Courtesy of Mike McGinn for Mayor
The world recession, as it turns out, is as much about political philosophy as it is about money. A near-rebellion in Greece and, now, one in France feature populations who don’t want to give up government support. Opposition in these nations question the core values of politicians in power. France and Spain admit they have borrowed heavily to build all the new transportation infrastructure, high speed trains, subways, long tunnels, and, of course, extensive social services along with generous retirement packages for its citizens.
Here in Seattle, many thought we were so smart that we would be immune to a recession. Our current budget crisis, however, may have reached a point that is sending warning signals to those who have never before taken cumulative debt or finance seriously.
With the prospect of anticipated debt for a series of bridge replacements, a tunnel, a seawall, and mass transit, even progressives are beginning to question if we are digging a debt hole so deep we can't climb out. Add to that a city with a several decades of not being able to say "no" to city amenities and generous labor contracts for its employees. A financial day of reckoning is now looming over us like a dark cloud.
Referring to generous pay for city workers, former council member Peter Steinbrueck, after being given an overview of Seattle's public employee pay scale, commented at a neighborhood meeting, "Council members never see that kind of data." Fiscal responsibility are words the typical Seattleite seldom hears.
Maybe we haven't been as smart as we thought.
Why the realities of debt and fiscal responsibility haven’t been high on the radar of Seattleites may be related to a factoid released by the The Puget Sound Business Journal. They report that there are an estimated 90,000 millionaires in and around Seattle. So many, in fact, that the wealth management industry has become one of the region's biggest businesses, managing $315 billion in the assets of local billionaires. Maybe they can afford the higher cost of living here and just don’t raise a fuss by calling the mayor or city council.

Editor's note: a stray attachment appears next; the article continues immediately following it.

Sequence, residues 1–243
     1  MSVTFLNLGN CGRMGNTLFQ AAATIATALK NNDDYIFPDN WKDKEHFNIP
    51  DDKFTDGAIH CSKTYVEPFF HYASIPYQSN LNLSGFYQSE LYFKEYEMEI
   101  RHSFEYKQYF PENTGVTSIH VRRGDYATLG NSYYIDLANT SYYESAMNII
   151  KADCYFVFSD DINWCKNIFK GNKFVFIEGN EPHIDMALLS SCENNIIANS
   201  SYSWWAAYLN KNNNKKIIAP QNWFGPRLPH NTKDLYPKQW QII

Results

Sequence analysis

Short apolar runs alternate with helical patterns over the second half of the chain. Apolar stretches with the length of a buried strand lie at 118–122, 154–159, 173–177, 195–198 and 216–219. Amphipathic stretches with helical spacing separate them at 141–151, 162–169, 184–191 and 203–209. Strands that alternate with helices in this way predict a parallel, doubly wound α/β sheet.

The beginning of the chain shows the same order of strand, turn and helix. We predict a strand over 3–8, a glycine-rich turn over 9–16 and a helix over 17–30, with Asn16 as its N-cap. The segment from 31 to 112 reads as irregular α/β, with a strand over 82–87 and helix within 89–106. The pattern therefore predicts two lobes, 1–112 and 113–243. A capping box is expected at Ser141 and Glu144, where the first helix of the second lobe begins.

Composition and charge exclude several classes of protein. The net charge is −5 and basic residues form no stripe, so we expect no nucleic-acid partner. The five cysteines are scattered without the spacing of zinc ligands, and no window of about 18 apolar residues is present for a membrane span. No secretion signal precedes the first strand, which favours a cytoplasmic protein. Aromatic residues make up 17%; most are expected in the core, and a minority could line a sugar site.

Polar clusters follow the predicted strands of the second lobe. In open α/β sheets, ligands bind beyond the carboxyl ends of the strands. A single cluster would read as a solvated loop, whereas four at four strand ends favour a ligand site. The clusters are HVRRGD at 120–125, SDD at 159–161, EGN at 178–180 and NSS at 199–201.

Concerning the proposed new city budget, the mayor supposedly made his budget decisions through the lens of three overarching priorities. He would:
- Emphasize sustainable changes over one-time cuts.
- Seek internal savings in order to preserve direct services.
- Identify opportunities to streamline management functions.
The mayor at his budget press conference claimed his budget proposals protect core city services related to public safety and essential human services — certainly what many wanted to hear.
One floor down in City Hall, the city council last August developed a list of four priorities, where budget cuts should and should not be made. First on their list was to protect the health and safety of all Seattleites, while providing help to the city's most needy. They emphasized that police and fire protection should not be reduced, especially in neighborhoods, but that no new programs should be started to accomplish this. The council recommends the mayor reduce costs and re-evaluate the size and scope of city government. And last, they tell the mayor it's okay to raise revenue when and where appropriate. In this recommendation they suggest raising the rates for commercial parking lots may be okay, but to not unduly burden local businesses with excessive parking fees.
As you might expect, no one is happy. Evaluating the mayor's budget pits one person's idea of an essential priority against another's very different opinion.